Wow, folks are actually talking about one of my favorite books! Of course, the reasons I found it fascinating are the same reasons people cite for its lack of appeal.

I actually like the Biblical structure and voice. It makes it seem more like a dry, fragmented history of ancient, half-legendary events, rather than a story.

However, Tolkien’s The Lord of the Rings isn’t for everyone, and The Silmarillion is much, much less so. What we’re looking at is essentially Tolkien’s background notes for an entire world in which he was going to set his main stories. That probably puts it one step above the entertainment level of getting a script from a movie you like.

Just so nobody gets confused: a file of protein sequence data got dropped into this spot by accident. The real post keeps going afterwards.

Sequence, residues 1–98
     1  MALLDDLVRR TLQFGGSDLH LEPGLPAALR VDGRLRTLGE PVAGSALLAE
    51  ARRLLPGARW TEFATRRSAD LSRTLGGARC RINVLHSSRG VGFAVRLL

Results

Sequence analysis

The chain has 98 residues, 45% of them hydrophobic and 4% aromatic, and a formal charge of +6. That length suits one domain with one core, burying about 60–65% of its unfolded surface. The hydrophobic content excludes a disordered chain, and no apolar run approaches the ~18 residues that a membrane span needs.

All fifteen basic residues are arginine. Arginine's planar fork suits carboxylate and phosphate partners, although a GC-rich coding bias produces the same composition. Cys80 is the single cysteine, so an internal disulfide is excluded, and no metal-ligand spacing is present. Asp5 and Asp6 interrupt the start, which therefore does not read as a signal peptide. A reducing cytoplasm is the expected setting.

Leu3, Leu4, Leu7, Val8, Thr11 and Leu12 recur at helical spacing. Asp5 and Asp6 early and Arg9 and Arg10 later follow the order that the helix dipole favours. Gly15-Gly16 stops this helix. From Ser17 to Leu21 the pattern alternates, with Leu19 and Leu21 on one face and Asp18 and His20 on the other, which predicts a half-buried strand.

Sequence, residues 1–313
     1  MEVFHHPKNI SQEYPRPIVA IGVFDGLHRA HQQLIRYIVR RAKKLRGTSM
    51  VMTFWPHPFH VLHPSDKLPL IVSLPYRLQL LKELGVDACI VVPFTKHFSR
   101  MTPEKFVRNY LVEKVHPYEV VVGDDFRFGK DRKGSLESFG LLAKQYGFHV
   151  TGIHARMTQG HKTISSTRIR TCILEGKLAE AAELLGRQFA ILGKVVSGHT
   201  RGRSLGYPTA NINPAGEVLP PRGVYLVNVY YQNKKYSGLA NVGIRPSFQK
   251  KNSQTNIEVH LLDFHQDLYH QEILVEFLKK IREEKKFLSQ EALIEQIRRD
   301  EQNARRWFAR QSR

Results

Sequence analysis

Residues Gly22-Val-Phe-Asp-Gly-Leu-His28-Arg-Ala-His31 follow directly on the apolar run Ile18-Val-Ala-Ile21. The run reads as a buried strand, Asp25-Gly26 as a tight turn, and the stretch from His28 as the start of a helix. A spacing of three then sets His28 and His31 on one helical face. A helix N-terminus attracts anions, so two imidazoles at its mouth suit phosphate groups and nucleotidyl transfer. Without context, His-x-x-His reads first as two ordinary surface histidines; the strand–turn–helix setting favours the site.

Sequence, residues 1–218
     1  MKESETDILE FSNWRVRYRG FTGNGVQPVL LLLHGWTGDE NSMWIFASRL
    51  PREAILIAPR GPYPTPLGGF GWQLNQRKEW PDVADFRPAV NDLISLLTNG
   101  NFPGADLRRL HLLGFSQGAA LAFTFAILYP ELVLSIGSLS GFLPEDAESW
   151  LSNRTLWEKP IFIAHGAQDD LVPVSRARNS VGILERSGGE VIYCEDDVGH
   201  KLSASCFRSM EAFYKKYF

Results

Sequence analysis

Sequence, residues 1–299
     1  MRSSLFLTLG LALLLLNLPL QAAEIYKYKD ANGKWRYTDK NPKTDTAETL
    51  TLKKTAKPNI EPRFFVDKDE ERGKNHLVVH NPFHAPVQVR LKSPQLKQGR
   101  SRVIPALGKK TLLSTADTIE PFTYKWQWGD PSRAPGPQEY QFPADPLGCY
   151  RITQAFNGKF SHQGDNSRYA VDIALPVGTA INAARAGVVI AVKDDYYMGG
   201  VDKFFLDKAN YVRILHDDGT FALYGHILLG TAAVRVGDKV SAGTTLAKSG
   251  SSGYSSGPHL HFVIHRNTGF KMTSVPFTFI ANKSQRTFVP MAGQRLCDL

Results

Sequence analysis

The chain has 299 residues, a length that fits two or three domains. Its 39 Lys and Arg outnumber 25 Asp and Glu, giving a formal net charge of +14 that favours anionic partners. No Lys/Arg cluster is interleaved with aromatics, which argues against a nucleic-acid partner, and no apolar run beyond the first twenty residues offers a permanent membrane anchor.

So, I wouldn’t recommend the book to anyone who hadn’t read or didn’t really like LOTR, and even then I wouldn’t expect them to like it. On the other hand, I still get geeked by knowing that Sauron wasn’t the first evil in the world, or even close to the most impressive. šŸ™‚

(It seems to me that The Silmarillion performs the particular function, however, of making Middle Earth seem more real. Not because of the background materials, but because the myths and stories follow the familiar pattern of “Everything was bigger, grander, and more dangerous back then” that seems to be a human storytelling trait.)